Updated for 2018
You need to consider two criteria when deciding whether to take your Long-Term Incentive Program LTIP awards as stock options or as Restricted Stock Units (RSUs).
- If you need to time future incomes for tax planning purposes
- The growth potential you believe that the company stock has over the next ten years.
Up through 2016, there was a third criterion based on how long you intended to stay with the company. Starting in 2017, both RSUs and stock options have a three year vesting period which essentially removed the need to consider this when making your decision.
Couple quick definitions
Stock Options give you the right, but not the obligation, to purchase shares of Procter and Gamble stock at a predetermined price at a future date. You do not receive dividends on stock options until you exercise the options.
Restricted Stock Units (RSUs) are grants of stock given to employees with restrictions such as no voting rights. They convert to common stock plus accumulated dividends after a three year vesting period.
RSUs granted before 2017 do not pay dividends until after the five year vesting period.
Future Income Planning for Tax Purposes
Stock options vest after three years and expire after ten years. If you choose to take your LTIP award as stock options, you can execute the options at anytime after the third year and before the tenth year. This gives you quite a bit of flexibility over when to accept the taxable income.
RSUs vest and expire exactly three years after the grant has been made. You have no control over when to take the income.
In both cases, the day you exercise the stock options or the day the RSUs vest, the resulting income is fully taxable as employment income. This means that the income is subject to ordinary federal income tax, state and local income tax and social security and medicare income taxes.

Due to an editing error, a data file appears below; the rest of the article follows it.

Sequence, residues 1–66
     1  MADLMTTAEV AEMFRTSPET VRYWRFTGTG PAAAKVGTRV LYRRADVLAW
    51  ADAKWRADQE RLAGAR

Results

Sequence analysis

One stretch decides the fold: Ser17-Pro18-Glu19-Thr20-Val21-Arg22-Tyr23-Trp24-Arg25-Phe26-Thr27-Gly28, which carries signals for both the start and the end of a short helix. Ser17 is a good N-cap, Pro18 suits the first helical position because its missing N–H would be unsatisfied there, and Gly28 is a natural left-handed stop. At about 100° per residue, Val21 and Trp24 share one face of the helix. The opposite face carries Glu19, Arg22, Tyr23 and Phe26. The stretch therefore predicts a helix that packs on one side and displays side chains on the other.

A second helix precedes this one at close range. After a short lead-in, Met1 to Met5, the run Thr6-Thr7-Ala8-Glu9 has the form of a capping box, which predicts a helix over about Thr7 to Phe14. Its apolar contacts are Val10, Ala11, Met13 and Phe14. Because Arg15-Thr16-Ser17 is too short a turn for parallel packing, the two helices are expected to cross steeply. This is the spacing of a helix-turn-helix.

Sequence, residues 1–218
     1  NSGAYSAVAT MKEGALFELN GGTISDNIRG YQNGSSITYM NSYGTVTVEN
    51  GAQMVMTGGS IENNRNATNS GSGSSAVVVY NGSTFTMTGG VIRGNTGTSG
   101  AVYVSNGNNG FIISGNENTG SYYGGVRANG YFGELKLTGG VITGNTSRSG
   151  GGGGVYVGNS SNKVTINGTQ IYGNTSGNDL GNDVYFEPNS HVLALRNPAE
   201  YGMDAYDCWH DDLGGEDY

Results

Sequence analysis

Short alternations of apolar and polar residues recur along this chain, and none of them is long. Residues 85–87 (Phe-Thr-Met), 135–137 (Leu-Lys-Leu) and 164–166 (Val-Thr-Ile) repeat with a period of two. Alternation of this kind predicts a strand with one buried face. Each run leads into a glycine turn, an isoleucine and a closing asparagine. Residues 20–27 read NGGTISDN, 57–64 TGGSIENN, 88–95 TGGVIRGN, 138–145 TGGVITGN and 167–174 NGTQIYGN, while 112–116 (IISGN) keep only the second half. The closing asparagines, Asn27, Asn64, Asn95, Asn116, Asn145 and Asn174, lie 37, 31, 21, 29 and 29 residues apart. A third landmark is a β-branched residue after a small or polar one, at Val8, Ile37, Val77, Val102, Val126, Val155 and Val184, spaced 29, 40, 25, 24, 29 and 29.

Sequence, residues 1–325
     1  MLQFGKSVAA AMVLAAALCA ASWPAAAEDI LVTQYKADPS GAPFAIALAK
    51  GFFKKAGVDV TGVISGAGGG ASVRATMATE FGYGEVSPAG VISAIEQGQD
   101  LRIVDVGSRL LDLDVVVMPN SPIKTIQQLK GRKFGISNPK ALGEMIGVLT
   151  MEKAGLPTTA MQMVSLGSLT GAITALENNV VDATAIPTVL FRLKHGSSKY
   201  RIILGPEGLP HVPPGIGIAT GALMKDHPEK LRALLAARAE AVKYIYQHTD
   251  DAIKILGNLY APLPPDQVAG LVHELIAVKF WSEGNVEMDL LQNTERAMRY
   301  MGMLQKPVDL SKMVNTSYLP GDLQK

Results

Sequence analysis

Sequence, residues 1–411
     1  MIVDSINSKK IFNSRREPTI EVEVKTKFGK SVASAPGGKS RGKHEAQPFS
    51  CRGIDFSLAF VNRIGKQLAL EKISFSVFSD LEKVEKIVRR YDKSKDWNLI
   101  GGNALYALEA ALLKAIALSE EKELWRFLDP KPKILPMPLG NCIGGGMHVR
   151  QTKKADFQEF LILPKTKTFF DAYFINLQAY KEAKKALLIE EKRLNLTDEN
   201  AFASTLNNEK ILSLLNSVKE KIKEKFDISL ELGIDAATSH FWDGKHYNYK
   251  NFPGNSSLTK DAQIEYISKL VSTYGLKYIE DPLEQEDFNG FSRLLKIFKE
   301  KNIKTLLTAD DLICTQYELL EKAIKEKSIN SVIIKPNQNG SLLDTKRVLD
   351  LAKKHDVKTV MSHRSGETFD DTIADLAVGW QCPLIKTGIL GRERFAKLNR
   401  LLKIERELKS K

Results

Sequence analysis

Future Growth of Procter & Gamble
The final criterion is based on your belief on how much Procter & Gamble stock will grow over the next three to ten years. To make this determination, you need to separate the stock price growth from the dividends paid by the stock. Stock options do not earn dividends before they are exercised.
The comparison between stock options and RSUs should be made over a ten-year period. The stock options have a ten-year life from the date of grant and allow the stock growth to be leveraged over those ten years. To make the comparison accurate, we will include dividends on the RSUs. We will also assume that earned dividends are reinvested for the entire ten years.
In Procter & Gamble’s 2017/2018 example, they use November 1, 2017, price of PG stock of $86.89 and stock option cost of $11.34. This results in a $5,000 award of either 58 RSUs or 441 stock options. Of course, the price of the stock can, and will change between now and February 2018 when the award is granted. Still, these are good numbers to use for our example.
If PG stock grows at 5%
The following table shows how a $5,000 award could grow at a 5% growth rate and a 3% dividend rate.
After only three years, the stock options have caught up to the RSUs in value, and after ten years the stock options are worth 2.5 times the value of the RSUs.
If PG stock only does as well as the last ten years
What if Procter & Gamble has a dismal decade similar to the prior ten years? November 1, 2007, PG stock opened at $74. As of November 1, 2017, the price was $86.89. That is a mere 1.62% growth rate over the last ten years. (Keep in mind we are not taking dividends into account because we don’t receive them on stock options.)
As you can see from the table above, if Procter & Gamble stock grows at a 1.62% rate while continuing a 3% dividend, the choice between the stock options and the RSUs is pretty much equal. However, if the stock grows at a higher rate, the stock options will outperform the RSUs.
Of course, if Procter & Gamble stock does not grow at all over the next ten years, the stock options would expire with zero value.
This is not meant to provide you with investment advice. We do not know your particular circumstances or investment knowledge. If you would like to make an informed decision and consider the above illustrations to determine which one fits your personal financial situation best, please do not hesitate to contact us.
This article first appeared on PersonalChoiceFinancial.com. Personal Choice Financial Advisors, LLC are fee-only financial advisors who specialize in working with Procter & Gamble employees and retirees. All rights reserved.